Thomas Hart Benton & Old-Time Music

Portrait by fellow artist Harry Sternberg, 1944.

The life and work of Thomas Hart Benton is filled with contradictions – a regional, almost naive painter who spent much of his time in Europe and New York and was a teacher of Jackson Pollock, the first artist to be on the cover of Time magazine – he was raised around traditional music (his maternal grandfather was an old-time fiddler) and was a collector and performer, even inventing a notation for the harmonica which he loved. His last work, fittingly, was a mural for the Country Music Hall of Fame, though he died in his studio, uncertain as to whether it was finished. Both praised and dismissed by the art world, he marched to his own drummer and was the subject of a Ken Burns documentary. Little known is his lifelong treatment of folk music and musicians. In his autobiography he lamented, “The old music cannot last much longer, I count it a great privilege to have heard it in the sad twang of mountain voices before it died”

Here are some examples of literal illustrations of songs.

Jesse James, 1936.
Wreck of the Ol' '97, 1944
Coming 'Round the Mountain, 1931.
Frankie and Johnnie. 1936.
I Got a Gal on Sourwood Mountain, 1938.
Ballad of the Jealous Lover of Lone Green Valley, 1934. (A rare variant of Pretty Polly.) Jackson Pollock plays the harmonica!
Benton even recorded a 1941 album for Decca, entitled "Saturday Night at Tom Benton's," though much more profesional than this gathering.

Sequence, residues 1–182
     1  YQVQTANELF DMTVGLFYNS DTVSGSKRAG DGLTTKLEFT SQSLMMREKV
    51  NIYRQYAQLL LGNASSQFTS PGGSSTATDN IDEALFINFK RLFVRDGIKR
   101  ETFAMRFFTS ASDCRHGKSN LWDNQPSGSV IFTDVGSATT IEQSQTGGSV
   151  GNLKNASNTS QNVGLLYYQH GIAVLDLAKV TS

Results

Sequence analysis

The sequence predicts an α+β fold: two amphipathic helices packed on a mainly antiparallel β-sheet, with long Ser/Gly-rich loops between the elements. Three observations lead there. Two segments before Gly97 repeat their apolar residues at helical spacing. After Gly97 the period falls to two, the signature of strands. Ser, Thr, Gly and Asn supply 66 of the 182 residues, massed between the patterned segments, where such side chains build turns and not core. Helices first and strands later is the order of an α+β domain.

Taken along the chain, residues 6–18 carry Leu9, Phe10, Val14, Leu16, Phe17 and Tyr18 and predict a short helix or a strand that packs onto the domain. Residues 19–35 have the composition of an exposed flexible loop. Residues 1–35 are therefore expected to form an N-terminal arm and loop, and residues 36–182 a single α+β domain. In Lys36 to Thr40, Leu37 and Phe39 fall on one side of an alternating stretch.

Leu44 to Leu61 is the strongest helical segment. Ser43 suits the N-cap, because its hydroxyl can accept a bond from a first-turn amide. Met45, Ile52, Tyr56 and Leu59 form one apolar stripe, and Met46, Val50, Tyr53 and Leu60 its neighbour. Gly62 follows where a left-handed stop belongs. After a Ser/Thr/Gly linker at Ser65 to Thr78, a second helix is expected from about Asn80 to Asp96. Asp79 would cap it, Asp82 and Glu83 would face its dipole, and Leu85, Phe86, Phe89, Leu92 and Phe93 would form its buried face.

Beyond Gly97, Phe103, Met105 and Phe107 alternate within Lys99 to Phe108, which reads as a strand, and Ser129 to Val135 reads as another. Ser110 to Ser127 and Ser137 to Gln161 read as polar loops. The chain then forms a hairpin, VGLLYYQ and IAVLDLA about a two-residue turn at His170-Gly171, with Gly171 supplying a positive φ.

He painted his daughter, "Jessie with Guitar," in 1957.
"The Hymn Singer/Burl Ives," is from 1950.
"The Music Lesson," 1944, shows his friend, folksinger and musicologist, E. Gale Huntington and his daughter. They recorded selections from Huntington's book, "Songs the Whalemen Sang," entitled "Folksongs From Martha's Vineyard," with Benton on harmonica.

Some of his musicians are literal, even named.

"Missouri Musicians," 1931, portrays Neville Oatman with cousins Wilbur and Homer Leverett, who appear in other Benton paintings.
Arts of the West, 1932
Lord Heal the Child/Holy Roller Meeting, 1934.

Others more abstract.

Swing Your Partner, 1945.
Youth Music, 1974. His son-in law was the model for the guitarist.
"The Sources of Country Music," 1975, with Tex Ritter on the right. Appropriately, his last work.

As an appendix, friend and fellow artist, Bernard Steffen, recorded three songs for the Library of Congress in 1939 with dulcimer accompaniment. It is noted that Benton also had and played dulcimer. This is Steffen’s lithograph, “Dulcimer and Discord.”

Dulcimer and Discord, 1939.

The first American classical composer most of us would connect with genre painters like Benton would be Aaron Copland but I would like to remind you of another, who shared his Midwestern roots, Virgil Thomson, especially his Pulitzer Prize winning, “Acadian Songs and Dances,” for Robert Flaherty’s 1948 film, “Louisiana Story.”